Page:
Impact of IDO activation and alterations in the kynurenine pathway on hyperserotonemia, NAD+ production, and AhR activation in autism spectrum disorder


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Autism spectrum disorder (ASD) is complex and heterogeneous. Symptomatic genetic mutations account for less than 10% of cases and more than 1000 genetic variants have been associated with ASD.  More recently, the gut-brain axis has been involved in ASD1, although recent findings suggest that the gut microbiota is rather consequential of dietary behaviour than causal2. In marked contrast, metabolic parameters are currently less studied, even though the elevated level of blood serotonin (hyperserotonaemia) is the most frequent metabolic alteration observed, albeit only present in at most 40% of individuals with ASD 3. In ASD, hyperserotonaemia is characterised by an increase in platelet serotonin and results from a decrease in serotonin catabolism: reduced N-acetylation and methylation leading to a decrease of melatonin4 and mainly decreased sulphoconjugation by the monoamine-specific phenol sulphotransferase (PST-M)5.

Serotonin is synthesised from the essential amino acid tryptophan (Figure). Tryptophan is also the precursor of the kynurenine pathway, which is initiated by the conversion of tryptophan to kynurenine. The kynurenine pathway is constitutively active in the liver where tryptophan is metabolised by tryptophan 2,3-dioxygenase. Upon inflammation, extrahepatic induction of the kynurenine pathway is initiated by indole 2,3 dioxygenase (IDO). Kynurenine is further catabolised into kynurenic, anthranilic, and quinolinic acids; the latter is the precursor for the de novo synthesis of NAD+.

Schematic representation of the serotonin and kynurenine pathways

In our recently published in Translational Psychiatry, we quantified by mass spectrometry the metabolites of the kynurenine pathway in the same cohort of individuals with ASD in which we reported extensive studies of the serotonin/melatonin pathway3-5.

We found that IDO is activated in almost 60% of individuals with ASD and is associated with cytokine levels consistent with low-grade inflammation. Given the antagonistic impact of IDO activation on serotonin synthesis, we also found that IDO activation resulted in ‘normal’ serotonin blood levels, through an increase in PST-M activity, possibly through its transcriptional regulation by the aryl hydrocarbon receptor. Importantly, when considering serotonaemia and IDO activation, almost 90% of individuals with ASD exhibited exclusively hyperserotonaemia and no IDO activation, or normoserotonaemia and IDO activation. Overall, our results indicate that the mechanisms underlying hyperserotonaemia are likely present in at least 90% of individuals with ASD and that one consequence of IDO activation is the restoration of serotonin catabolism by sulphoconjugation which eventually masks hyperserotonaemia.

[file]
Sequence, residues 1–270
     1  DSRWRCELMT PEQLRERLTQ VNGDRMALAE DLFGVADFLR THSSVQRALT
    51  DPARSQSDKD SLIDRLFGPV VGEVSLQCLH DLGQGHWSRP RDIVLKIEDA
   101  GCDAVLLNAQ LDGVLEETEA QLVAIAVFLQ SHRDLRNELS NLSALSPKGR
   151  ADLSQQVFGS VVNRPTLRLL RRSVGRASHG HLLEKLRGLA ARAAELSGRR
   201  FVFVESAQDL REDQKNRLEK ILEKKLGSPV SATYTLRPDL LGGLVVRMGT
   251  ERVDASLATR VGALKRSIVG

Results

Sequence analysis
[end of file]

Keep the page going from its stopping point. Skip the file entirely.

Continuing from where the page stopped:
In addition, we found various enzymatic anomalies in the kynurenine pathway, regardless of IDO activation (Figure). These anomalies add to the list of other enzymatic steps of tryptophan metabolism that are altered in ASD, namely the sulphoconjugation of serotonin and the deficit in melatonin production (Figure). Notably, the kynurenine pathway leads to the de novo synthesis of NAD+, which appeared lower in individuals with ASD. Importantly, strong negative correlations between NAD+ plasma levels with those of oxytocin and interleukin 1-β (only in individuals with ASD and IDO activation) strongly suggest that reduction in NAD+ synthesis has at least an impact on regulated secretion. Given the broad role of NAD+ in energy homeostasis, secretion, and epigenetic modifications, it can be anticipated that the decrease in NAD+ levels will have numerous metabolic consequences in ASD.  

Taken together, these results extend biochemical anomalies of the tryptophan catabolism to the kynurenine pathway and posit TRP catabolism as a possible major component of ASD pathophysiology. Therefore, our data strongly suggest that ASD is mainly a metabolic disorder, way less heterogeneous than initially thought.


  1. Puricelli C, Rolla R, Gigliotti L, Boggio E, Beltrami E, Dianzani U et al. The Gut-Brain-Immune Axis in Autism Spectrum Disorders: A State-of-Art Report. Front Psychiatry 2021; 12: 755171.
  2. Yap CX, Henders AK, Alvares GA, Wood DLA, Krause L, Tyson GW et al. Autism-related dietary preferences mediate autism-gut microbiome associations. Cell 2021; 184(24): 5916-5931 e5917.
  3. Pagan C, Delorme R, Callebert J, Goubran-Botros H, Amsellem F, Drouot X et al. The serotonin-N-acetylserotonin-melatonin pathway as a biomarker for autism spectrum disorders. Transl Psychiatry 2014; 4(11): e479.
  4. Pagan C, Goubran-Botros H, Delorme R, Benabou M, Lemiere N, Murray K et al. Disruption of melatonin synthesis is associated with impaired 14-3-3 and miR-451 levels in patients with autism spectrum disorders. Sci Rep 2017; 7(1): 2096.
  5. Pagan C, Benabou M, Leblond C, Cliquet F, Mathieu A, Lemiere N et al. Decreased phenol sulfotransferase activities associated with hyperserotonemia in autism spectrum disorders. Transl Psychiatry 2021; 11(1): 23.

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Autism Spectrum Disorders
Life Sciences > Health Sciences > Clinical Medicine > Diseases > Psychiatric Disorder > Autism Spectrum Disorders
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